Word of the Day: deleterious

Word of the Day: deleterious

: harmful to living things, often in a way that is surprising or difficult to observe


The word deleterious has appeared in 31 articles on NYTimes.com in the past year, including on July 30 in “Why Elite Female Athletes Are Turning Away From Major Sponsors” by Sapna Maheshwari:

Bigger apparel companies like Nike and Adidas are established power players that can often drastically increase an athlete’s visibility through marketing. But critics say they do not always put the athletes first. Nike, for instance, has come under intense scrutiny in recent years for its treatment of pregnant athletes, accusations of bullying and restrictive contracts.

Runners have traditionally been paid by sponsors for achievements like completing a specified number of races per year or attaining certain rankings, medals and times. To some, it felt “very transactional,” said Colleen Quigley, a steeplechaser who left Nike this year and is now sponsored by Lululemon. That financial incentive fueled an intense pressure to compete, even if an athlete was struggling or injured, and can have a deleterious psychological impact, she said.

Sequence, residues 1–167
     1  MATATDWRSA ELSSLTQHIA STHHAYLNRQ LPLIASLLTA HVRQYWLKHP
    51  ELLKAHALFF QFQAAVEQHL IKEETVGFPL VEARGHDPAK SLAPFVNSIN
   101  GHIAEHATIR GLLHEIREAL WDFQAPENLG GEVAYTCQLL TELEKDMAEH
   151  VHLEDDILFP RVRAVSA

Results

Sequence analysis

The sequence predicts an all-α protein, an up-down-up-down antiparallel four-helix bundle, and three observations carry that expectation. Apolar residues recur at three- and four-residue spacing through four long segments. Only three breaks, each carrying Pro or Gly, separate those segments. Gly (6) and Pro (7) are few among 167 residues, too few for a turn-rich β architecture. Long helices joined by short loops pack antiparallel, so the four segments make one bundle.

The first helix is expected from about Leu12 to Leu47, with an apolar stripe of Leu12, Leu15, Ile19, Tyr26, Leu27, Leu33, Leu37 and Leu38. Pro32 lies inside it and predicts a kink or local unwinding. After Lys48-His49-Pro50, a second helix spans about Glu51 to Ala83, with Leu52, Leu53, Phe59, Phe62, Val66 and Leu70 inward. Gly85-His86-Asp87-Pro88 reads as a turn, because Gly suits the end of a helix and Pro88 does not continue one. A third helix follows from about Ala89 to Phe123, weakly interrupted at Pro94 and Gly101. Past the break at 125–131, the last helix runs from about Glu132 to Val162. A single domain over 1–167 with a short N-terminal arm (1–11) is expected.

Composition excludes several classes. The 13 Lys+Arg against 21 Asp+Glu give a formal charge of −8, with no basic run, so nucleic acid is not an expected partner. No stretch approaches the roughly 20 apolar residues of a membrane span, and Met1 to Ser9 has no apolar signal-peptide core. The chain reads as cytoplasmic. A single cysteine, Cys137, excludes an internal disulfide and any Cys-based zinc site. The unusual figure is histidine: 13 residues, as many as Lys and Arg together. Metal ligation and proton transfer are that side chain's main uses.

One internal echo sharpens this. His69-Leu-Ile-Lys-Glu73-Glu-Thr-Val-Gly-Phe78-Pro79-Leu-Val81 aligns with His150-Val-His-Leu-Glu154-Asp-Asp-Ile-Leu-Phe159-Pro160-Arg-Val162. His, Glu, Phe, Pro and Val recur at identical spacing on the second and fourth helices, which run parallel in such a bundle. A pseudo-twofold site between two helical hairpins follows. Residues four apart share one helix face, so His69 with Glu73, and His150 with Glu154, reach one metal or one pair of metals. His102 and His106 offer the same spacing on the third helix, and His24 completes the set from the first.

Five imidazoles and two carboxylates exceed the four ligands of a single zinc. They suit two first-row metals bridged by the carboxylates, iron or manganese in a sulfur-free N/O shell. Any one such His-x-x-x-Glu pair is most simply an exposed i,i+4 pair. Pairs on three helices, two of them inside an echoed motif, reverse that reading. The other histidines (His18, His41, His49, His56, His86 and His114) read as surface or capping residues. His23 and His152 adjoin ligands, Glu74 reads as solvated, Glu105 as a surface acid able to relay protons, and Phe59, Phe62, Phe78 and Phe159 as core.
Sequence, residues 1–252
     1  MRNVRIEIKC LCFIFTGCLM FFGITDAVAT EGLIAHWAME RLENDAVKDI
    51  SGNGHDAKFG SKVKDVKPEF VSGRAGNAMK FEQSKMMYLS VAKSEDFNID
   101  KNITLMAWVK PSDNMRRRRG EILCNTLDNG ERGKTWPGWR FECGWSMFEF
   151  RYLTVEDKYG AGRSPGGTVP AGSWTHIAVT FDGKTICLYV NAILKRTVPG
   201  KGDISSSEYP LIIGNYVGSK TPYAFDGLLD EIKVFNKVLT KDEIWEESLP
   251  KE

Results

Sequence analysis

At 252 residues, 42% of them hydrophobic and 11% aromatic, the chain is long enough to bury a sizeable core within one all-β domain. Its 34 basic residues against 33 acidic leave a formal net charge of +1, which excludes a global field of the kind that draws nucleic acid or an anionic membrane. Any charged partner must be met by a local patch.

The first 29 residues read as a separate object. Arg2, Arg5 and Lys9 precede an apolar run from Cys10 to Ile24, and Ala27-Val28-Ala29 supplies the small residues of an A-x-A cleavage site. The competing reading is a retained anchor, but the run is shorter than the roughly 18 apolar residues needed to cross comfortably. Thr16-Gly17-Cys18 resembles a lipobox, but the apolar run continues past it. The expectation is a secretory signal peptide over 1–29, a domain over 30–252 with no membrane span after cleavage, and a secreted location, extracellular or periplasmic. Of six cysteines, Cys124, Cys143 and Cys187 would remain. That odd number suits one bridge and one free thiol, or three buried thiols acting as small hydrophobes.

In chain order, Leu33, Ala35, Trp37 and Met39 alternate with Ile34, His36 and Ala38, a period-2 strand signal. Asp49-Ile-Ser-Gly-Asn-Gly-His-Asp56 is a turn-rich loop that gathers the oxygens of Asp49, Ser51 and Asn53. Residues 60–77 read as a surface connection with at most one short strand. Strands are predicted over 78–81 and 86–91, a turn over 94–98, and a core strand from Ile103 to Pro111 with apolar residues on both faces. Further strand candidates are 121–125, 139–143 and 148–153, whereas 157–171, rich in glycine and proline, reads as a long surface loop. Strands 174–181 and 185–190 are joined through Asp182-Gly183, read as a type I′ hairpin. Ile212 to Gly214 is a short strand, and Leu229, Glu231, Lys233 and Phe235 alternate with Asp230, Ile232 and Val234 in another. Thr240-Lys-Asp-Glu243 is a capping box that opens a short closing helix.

Can you correctly use the word deleterious in a sentence?

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If you want a better idea of how deleterious can be used in a sentence, read these usage examples on Vocabulary.com.

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